With a voice like an angel, she comforts kids and adults



Kaufman Web

Riley music therapist Jenny Kaufman believes in the power of music to heal.

For Jenny Kaufman, music is her peace and her passion. Lucky for her and for the patients at Riley Hospital for Children, it’s also her job.

With a guitar strapped to her back and songs in her heart, Kaufman brings the gift of music to the youngest and oldest Riley patients.

There’s 7-month-old Sydney Deaver, who is recovering from a heart transplant on the cardiac critical care unit. And down the hall, there’s 38-year-old Shannon Lowe, who is waiting on a heart transplant herself.

For both, Kaufman strums her guitar and softly sings. The steady beep, beep, beep of the monitors keeps the beat.

Sydney is sleeping while Kaufman sings … “Hello Sydney, hello Sydney, hello Sydney, it’s good to see you today.” In response, Sydney squirms the slightest bit and lets out a sigh as her mom, Ashley, lays a gentle hand to her daughter’s full head of dark hair.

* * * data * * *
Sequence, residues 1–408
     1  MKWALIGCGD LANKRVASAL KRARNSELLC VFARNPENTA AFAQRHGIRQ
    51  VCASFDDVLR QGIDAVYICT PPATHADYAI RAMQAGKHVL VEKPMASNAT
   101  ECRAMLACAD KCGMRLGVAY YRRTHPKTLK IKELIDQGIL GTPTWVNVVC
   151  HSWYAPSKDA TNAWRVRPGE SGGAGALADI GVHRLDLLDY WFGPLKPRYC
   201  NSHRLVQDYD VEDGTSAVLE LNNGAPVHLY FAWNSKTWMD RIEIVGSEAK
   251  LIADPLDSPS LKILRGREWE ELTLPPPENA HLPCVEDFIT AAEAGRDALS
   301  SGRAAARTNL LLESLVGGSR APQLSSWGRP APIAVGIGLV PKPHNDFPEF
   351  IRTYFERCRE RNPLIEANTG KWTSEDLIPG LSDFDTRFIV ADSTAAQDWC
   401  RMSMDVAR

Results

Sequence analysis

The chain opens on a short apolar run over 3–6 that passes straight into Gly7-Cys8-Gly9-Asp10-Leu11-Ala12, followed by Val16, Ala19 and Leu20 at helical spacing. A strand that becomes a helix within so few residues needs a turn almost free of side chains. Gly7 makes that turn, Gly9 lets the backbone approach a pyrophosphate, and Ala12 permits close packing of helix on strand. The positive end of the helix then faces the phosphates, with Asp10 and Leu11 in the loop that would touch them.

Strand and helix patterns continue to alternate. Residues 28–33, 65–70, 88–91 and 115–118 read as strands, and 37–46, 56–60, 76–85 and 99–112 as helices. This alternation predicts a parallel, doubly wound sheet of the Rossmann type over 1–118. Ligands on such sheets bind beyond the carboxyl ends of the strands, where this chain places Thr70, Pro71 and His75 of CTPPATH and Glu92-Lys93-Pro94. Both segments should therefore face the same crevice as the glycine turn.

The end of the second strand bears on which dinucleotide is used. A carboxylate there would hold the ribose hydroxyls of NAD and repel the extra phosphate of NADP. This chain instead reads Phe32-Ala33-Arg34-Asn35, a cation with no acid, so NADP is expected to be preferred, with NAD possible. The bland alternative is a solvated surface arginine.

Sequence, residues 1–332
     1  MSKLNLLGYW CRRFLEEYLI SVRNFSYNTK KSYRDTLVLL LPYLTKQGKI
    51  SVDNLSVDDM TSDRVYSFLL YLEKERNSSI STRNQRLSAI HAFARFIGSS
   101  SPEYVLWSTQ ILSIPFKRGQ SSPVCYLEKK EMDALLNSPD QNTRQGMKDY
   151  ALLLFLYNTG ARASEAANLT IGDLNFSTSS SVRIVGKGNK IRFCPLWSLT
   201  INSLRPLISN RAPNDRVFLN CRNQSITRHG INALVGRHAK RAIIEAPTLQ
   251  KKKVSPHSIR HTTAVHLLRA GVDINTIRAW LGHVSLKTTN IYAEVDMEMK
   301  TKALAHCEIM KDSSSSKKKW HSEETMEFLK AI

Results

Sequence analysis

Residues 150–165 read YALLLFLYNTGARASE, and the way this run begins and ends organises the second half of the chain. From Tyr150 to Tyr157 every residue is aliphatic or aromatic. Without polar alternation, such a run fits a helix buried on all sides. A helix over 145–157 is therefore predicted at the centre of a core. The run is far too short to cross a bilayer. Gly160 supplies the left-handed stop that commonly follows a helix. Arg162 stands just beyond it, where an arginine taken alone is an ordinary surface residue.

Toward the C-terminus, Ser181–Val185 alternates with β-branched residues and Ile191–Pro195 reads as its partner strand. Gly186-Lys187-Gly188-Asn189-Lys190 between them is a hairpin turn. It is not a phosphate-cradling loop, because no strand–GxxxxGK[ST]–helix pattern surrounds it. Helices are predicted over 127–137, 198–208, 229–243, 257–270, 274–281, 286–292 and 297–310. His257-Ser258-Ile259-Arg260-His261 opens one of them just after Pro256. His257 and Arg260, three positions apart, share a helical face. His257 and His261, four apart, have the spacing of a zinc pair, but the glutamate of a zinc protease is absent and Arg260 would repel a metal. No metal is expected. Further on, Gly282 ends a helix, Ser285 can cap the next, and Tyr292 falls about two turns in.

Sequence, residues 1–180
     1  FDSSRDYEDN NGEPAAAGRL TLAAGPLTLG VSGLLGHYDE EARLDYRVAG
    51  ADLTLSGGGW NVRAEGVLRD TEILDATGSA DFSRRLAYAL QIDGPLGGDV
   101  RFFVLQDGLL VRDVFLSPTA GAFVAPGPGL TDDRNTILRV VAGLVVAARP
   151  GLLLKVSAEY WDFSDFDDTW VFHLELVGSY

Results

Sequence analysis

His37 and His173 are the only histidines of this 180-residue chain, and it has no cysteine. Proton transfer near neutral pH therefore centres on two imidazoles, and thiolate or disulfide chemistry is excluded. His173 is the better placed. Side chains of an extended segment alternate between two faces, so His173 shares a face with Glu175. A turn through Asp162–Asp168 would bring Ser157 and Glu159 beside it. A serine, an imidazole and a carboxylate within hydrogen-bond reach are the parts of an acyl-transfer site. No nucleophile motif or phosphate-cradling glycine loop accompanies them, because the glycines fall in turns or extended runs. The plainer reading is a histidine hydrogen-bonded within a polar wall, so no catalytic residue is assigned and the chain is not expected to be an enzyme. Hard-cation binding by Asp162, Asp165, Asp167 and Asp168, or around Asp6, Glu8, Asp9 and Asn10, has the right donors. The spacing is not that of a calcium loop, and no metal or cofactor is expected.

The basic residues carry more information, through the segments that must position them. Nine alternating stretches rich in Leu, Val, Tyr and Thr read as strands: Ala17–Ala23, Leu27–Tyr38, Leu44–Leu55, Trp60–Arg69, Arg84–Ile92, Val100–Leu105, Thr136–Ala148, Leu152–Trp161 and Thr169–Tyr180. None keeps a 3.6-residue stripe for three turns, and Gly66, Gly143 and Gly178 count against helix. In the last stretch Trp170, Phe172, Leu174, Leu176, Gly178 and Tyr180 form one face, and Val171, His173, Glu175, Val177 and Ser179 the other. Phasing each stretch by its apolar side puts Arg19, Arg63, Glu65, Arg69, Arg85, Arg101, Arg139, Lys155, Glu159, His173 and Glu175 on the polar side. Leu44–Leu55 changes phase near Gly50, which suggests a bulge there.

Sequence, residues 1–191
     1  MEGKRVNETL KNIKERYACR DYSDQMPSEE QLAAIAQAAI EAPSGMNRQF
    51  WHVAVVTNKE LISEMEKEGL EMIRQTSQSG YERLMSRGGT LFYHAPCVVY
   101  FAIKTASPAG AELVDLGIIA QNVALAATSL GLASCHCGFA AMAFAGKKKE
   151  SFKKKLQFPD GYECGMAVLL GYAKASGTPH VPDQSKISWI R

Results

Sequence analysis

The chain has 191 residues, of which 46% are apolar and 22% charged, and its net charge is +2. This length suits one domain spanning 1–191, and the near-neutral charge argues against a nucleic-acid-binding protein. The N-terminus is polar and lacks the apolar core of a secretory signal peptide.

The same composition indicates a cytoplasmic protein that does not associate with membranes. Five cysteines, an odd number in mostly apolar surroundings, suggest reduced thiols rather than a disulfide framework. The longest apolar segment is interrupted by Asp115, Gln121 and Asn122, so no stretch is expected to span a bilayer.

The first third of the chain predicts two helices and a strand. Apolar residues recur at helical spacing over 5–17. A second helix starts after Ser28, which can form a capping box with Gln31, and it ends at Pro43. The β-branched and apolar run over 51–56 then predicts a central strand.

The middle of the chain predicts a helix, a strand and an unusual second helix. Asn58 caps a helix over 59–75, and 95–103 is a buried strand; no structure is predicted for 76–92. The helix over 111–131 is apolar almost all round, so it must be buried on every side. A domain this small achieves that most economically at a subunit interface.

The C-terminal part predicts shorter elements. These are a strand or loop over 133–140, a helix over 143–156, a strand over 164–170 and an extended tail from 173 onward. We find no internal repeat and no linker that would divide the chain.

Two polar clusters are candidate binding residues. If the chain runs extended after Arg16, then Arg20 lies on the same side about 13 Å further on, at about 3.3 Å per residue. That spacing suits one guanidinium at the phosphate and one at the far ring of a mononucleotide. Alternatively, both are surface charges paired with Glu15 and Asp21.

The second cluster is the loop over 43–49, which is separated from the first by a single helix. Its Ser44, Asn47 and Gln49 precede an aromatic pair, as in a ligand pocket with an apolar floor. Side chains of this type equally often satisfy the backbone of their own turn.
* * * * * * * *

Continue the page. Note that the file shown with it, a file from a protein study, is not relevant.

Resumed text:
Sydney’s grandparents listen from a corner of the room.

“I’ve never heard an angel sing, but this must be close,” said William Maze.


Kaufman is a certified music therapist, one of three who cover the floors of Riley. She concentrates on the PICU, CVICU, the heart center and rehab. The program is funded by the Riley Cheer Guild.

She figures she was destined to find a career in music. She grew up playing piano and studied music and voice in college. But when she discovered there was a field that uses music as therapy, she was all in. With a bachelor’s degree in music therapy, she could have worked in a variety of settings – schools, nursing homes, private practice. But when she did an internship at UPMC Children’s Hospital of Pittsburgh, she found her niche.